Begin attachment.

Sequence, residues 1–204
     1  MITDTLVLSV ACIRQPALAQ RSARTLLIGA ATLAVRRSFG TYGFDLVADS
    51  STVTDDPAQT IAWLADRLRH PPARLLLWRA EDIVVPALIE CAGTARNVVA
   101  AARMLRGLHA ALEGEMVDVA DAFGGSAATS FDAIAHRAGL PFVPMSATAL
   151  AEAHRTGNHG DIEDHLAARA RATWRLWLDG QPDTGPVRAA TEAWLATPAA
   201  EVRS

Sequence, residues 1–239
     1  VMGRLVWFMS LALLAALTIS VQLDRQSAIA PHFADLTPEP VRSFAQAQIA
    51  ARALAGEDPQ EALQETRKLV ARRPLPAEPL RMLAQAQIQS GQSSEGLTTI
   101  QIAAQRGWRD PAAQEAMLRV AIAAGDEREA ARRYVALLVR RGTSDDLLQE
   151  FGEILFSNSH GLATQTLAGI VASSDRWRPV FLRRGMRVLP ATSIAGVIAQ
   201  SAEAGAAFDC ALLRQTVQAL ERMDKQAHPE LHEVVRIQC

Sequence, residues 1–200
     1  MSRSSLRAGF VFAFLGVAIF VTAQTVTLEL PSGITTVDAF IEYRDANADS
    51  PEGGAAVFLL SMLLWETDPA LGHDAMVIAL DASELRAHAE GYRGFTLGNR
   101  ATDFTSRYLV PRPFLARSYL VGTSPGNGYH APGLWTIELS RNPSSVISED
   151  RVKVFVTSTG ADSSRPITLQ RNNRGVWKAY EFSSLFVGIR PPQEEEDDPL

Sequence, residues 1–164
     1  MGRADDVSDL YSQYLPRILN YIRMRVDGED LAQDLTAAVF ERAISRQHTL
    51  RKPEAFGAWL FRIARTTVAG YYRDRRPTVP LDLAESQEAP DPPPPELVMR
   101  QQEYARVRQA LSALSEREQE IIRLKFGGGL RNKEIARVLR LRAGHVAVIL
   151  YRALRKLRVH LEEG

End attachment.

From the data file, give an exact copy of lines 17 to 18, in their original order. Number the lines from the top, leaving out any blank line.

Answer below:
   151  RVKVFVTSTG ADSSRPITLQ RNNRGVWKAY EFSSLFVGIR PPQEEEDDPL

Sequence, residues 1–164